Sudan Update: Preparing for a general strike – solidarity toolkit

On the march against the mining corporations in Sudan – photo TAM via Facebook

Across Sudan activists are mobilising to support a call by the Resistance Committees (bodies based in local neighbourhoods which coordinate and mobilise for protests and build the popular revolutionary movement) for a general strike on 24 August. The strike aims to bring down the ruling military regime, led by generals who threw civilian politicians out of office in October 2021, bringing to an end to a period of cooperation between Sudan’s military and representatives of opposition parties who entered government following the popular uprising against dictator Omar El Bashir in 2019.

The coup leaders have faced months of mass protests, civil disobedience and strikes in some sectors. They have failed to crush the popular movement and the Resistance Committees have continued to mobilise regular demonstrations, preventing the generals from establishing a stable government. Their refusal to negotiate with the generals, grant them legitimacy or participate in government is supported by millions of people. They have also developed initiatives proposing reform of the existing state institutions, such as the Charter for the Establishment of the People’s Authority and the Revolutionary Charter for People’s Power through a process of democratic discussion in neighbourhoods and with grassroots organisations.

Meanwhile, the economic situation has massively worsened for ordinary people, with prices spiralling, leaving millions scrambling to afford basic goods, electricity and cooking gas bills and transport costs. In parallel with the revolutionary mobilisations in the streets against the generals, there have also been big strikes in some sectors over wages and conditions. Teachers across Sudan went on strike and boycotted exam marking in the spring this year, succeeding in forcing some concessions over pay and conditions. There were also strikes by civil servants and bank workers. After years when the trade unions were just arms of the ruling party, new unions are being built from below.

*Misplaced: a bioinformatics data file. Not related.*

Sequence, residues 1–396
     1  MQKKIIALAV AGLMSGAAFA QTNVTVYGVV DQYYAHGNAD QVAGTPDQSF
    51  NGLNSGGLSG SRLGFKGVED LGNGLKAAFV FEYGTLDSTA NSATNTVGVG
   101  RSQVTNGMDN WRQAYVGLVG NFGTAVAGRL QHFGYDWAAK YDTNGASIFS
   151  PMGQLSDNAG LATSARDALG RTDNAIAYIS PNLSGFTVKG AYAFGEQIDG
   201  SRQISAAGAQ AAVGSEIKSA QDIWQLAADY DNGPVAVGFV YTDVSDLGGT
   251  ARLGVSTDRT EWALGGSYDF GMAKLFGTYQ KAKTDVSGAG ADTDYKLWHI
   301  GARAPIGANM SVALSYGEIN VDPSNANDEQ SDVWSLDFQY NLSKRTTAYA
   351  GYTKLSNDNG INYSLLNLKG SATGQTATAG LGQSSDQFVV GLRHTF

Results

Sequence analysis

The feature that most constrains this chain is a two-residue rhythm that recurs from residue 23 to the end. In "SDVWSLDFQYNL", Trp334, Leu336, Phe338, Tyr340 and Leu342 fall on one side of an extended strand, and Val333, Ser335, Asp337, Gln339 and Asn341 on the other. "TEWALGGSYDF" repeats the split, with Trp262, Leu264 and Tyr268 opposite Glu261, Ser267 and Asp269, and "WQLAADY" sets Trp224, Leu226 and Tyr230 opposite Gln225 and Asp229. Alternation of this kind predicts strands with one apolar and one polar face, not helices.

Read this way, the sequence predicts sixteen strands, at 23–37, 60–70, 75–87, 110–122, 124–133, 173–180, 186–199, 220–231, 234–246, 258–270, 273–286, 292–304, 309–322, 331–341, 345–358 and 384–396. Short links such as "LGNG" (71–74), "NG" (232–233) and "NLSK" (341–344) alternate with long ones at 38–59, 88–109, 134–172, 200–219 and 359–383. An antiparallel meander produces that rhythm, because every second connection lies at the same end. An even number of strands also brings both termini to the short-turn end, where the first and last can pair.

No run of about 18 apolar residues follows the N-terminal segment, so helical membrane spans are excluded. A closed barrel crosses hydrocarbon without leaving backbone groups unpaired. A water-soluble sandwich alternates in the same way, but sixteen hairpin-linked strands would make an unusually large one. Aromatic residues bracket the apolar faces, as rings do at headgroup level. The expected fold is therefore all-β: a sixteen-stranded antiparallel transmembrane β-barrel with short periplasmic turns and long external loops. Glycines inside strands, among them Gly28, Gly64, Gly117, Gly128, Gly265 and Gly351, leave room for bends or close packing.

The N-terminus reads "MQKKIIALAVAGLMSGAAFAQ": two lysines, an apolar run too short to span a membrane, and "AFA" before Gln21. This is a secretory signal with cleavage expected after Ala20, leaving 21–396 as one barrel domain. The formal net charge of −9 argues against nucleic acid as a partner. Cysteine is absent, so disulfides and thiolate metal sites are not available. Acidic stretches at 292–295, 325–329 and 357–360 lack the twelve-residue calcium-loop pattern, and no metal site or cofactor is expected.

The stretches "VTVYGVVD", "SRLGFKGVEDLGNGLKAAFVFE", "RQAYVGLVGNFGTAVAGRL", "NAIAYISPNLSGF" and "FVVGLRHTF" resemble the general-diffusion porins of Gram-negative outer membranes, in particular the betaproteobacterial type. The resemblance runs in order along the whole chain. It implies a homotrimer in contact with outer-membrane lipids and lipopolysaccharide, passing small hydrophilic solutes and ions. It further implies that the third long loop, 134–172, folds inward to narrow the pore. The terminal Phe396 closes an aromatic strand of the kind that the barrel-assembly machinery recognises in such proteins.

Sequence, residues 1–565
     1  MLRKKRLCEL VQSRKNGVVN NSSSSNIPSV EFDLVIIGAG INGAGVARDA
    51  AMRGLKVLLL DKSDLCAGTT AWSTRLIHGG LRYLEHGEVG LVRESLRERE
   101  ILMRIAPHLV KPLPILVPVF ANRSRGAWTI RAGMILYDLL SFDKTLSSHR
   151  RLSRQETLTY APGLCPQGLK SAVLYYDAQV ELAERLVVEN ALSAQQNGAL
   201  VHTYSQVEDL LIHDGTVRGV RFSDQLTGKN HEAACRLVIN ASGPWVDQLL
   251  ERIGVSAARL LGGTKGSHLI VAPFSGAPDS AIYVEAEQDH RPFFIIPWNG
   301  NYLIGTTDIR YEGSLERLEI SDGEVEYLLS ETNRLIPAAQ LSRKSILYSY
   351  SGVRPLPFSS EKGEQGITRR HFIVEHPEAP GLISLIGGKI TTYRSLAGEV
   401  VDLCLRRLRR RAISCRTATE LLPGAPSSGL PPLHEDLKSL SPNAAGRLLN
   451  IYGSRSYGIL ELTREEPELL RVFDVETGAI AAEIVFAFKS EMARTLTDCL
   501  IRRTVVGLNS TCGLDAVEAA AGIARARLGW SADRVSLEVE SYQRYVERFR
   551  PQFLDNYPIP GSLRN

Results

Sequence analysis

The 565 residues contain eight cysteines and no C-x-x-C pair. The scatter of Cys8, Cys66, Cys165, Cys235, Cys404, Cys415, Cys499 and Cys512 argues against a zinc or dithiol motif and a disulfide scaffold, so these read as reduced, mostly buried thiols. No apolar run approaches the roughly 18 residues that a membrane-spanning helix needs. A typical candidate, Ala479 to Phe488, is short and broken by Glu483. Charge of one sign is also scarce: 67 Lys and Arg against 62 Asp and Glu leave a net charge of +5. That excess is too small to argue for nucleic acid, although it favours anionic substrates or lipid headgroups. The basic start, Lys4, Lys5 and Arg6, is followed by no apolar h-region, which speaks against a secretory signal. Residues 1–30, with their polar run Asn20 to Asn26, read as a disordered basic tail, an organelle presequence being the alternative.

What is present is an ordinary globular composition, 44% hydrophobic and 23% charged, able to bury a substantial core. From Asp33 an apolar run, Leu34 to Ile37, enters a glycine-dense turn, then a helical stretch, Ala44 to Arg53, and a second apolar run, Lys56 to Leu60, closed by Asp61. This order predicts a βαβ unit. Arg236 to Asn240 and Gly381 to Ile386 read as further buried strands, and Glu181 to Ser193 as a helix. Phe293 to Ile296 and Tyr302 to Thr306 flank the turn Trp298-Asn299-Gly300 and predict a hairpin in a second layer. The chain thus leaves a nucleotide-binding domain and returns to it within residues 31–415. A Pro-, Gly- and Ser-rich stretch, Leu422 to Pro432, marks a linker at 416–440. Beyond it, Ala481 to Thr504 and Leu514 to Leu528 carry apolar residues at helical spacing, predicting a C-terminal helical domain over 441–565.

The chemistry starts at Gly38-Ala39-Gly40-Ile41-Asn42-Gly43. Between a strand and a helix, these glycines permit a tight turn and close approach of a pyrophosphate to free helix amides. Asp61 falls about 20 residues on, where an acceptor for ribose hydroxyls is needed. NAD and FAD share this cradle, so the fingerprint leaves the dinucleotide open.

Following their gains in the strike, activists from the Sudanese Teachers’ Committee (STC) are organising mass meetings across Sudan to create a democratically elected leadership for a new teachers’ union, with a mass base among teachers at primary and secondary level.

The challenge for activists in the Resistance Committees and workplace organisers is how to link the anger over the cost of living and working conditions to questions about the nature of the state and the role of the generals within it so as to bring the economic and political wings of the revolutionary mobilisation together. In the education sector, the connections are clear to see: the military regime has hit back after being forced into concessions by the successful mass teachers’ strike by victimising STC activists and is now trying to reactivate the old regime-supporting teachers’ union with the backing of Hemedti, current Vice-President and leader of the brutal Rapid Support Forces militia. The regime’s plan is to take back full administrative control of education and stop teachers organising independently of the state.